2012 Supreme Court Roundup

From the October 2012 Print Edition

Students in my constitutional law course are usually surprised, and often skeptical, when I propose that the most important case they will study is not about abortion rights, the death penalty, or the status of Guantanamo Bay, and does not concern Ten Commandments monuments, Christmas displays, or . . . . Continue Reading »

Things Not Caesar’s

From the March 2012 Print Edition

Clarity and unanimity have not exactly been the hallmarks of the Supreme Court’s efforts to interpret and enforce the Constitution’s religion clauses. In the two Ten Commandments cases decided in 2005, the nine justices managed to deliver ten opinions, with two different five-justice . . . . Continue Reading »

Kagan Proves Elections Matter

From First Thoughts

Sometimes, even things that are obviously true need to be underscored, and brought home. Here is one such thing: Elections matter. And, the election of President Obama has turned out to matter a great deal for the future decisions and direction of the Supreme Court. Solicitor General Kagan is, . . . . Continue Reading »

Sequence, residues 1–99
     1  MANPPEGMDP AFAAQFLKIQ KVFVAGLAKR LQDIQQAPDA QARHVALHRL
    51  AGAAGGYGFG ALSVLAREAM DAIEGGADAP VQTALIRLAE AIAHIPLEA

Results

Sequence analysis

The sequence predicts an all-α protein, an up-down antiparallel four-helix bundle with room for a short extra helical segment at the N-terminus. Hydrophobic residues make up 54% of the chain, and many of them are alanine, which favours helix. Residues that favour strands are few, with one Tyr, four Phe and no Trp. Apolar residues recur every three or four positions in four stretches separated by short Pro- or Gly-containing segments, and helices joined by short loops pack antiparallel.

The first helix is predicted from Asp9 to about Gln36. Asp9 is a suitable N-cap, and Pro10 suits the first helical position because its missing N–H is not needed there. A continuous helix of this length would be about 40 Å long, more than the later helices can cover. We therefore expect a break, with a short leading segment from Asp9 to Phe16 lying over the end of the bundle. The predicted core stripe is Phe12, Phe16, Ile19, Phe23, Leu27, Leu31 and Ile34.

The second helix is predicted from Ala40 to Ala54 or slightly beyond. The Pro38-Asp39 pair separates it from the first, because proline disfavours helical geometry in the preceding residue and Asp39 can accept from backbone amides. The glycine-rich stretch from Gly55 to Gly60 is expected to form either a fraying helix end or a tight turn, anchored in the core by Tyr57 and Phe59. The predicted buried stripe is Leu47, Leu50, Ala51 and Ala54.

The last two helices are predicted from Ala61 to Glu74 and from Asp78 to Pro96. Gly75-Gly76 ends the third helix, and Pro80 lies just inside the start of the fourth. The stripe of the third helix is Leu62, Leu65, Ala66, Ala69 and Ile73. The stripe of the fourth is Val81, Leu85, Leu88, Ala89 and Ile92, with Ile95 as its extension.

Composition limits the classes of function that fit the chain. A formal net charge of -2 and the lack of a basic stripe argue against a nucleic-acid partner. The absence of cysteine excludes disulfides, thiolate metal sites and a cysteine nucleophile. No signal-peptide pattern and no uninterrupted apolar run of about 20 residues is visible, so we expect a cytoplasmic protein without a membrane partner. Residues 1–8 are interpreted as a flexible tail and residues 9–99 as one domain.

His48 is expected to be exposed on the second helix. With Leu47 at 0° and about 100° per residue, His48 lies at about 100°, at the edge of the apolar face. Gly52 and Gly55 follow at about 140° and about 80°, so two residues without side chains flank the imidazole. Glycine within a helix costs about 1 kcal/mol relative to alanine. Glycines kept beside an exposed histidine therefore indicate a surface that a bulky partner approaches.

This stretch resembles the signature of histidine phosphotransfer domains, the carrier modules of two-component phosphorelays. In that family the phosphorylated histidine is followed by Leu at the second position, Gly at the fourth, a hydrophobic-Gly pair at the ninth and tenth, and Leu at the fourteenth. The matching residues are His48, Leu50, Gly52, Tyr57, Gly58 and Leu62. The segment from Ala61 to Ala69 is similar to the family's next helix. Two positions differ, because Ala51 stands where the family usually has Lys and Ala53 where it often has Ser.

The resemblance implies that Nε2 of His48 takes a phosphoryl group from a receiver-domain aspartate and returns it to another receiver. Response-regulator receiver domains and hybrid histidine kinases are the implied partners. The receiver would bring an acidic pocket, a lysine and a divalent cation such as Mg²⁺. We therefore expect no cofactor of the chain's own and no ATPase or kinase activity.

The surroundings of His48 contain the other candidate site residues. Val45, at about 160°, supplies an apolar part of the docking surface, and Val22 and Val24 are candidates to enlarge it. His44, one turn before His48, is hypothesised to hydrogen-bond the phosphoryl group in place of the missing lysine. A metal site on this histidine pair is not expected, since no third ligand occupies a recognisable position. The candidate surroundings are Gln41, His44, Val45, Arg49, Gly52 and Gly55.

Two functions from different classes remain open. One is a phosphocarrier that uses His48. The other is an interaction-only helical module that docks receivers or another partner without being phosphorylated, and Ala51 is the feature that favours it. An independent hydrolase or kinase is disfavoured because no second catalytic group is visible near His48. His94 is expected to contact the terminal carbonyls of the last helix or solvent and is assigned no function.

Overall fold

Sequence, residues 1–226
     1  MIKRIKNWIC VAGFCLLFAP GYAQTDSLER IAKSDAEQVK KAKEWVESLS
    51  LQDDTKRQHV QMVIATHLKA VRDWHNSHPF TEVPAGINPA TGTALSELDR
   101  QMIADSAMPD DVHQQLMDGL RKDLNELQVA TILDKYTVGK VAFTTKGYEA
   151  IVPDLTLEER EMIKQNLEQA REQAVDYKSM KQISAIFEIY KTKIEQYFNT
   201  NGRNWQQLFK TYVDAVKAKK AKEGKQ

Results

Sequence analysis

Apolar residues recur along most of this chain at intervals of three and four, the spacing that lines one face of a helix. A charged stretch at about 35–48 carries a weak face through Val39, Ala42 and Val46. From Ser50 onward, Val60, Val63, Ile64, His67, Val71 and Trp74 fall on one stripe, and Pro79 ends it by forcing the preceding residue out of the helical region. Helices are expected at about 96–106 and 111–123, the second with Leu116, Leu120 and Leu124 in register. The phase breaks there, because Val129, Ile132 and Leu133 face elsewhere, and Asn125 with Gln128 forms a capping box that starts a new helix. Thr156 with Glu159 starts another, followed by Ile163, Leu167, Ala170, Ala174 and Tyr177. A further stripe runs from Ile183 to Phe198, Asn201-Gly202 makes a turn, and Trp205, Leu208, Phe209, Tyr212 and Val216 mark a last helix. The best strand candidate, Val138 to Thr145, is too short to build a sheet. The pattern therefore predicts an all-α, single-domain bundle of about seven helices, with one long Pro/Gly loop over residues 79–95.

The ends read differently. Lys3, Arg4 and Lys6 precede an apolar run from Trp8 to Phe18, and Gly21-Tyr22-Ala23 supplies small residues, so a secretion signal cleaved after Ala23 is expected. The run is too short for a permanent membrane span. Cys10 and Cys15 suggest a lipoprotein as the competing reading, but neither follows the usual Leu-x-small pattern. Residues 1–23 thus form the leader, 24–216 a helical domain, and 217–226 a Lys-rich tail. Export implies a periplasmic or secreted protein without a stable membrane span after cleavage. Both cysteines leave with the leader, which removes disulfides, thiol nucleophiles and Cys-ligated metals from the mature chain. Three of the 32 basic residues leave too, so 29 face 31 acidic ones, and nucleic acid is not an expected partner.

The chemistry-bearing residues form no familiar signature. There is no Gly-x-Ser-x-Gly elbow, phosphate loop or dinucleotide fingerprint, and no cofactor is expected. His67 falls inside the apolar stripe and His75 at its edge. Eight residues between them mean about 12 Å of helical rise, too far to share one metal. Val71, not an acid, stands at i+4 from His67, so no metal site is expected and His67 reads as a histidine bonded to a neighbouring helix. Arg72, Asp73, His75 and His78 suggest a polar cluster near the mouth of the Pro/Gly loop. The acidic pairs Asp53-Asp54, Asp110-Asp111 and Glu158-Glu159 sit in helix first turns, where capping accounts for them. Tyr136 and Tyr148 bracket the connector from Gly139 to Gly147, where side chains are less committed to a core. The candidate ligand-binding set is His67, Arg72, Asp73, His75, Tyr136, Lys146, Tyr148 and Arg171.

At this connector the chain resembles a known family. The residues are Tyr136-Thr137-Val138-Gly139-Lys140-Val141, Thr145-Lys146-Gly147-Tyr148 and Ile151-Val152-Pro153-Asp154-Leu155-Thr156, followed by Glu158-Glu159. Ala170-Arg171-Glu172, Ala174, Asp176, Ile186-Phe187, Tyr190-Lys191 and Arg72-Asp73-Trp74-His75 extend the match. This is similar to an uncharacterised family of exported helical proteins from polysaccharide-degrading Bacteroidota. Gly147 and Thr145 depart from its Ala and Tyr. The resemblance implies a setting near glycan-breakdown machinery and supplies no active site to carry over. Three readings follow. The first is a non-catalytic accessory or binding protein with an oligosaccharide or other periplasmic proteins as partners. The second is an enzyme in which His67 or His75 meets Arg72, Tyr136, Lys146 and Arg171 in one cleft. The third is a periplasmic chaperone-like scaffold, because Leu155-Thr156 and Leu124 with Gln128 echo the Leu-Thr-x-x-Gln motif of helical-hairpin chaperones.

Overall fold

Misreading Cardinal George

From Web Exclusives

My friend and former colleague, Prof. Douglas Kmiec, opened his September 9, 2008 Chicago Tribune op-ed (“How Catholics can oppose abortion, back Obama”) with an endearing expression of respect for Chicago’s cardinal archbishop, Francis George. He then continued with his ongoing, . . . . Continue Reading »

Speechless in Seattle

From First Thoughts

The United States Court of Appeals for the Ninth Circuit handed down recently a free-speech decision that is raising some eyebrows and might be of interest to readers. Of particular interest, perhaps, is the fact that the majority opinion in the case, Berger v. City of Seattle , was written by . . . . Continue Reading »

Free to Believe

From the May 2007 Print Edition

Religious Freedom and the Constitution by Christopher L. Eisgruber and Lawrence G. Sager Harvard University Press, 352 pages, $28.95 These might seem depressing days for our public conversations about religion and public life. The bookstores’ shelves are creaking with the sermons of smug . . . . Continue Reading »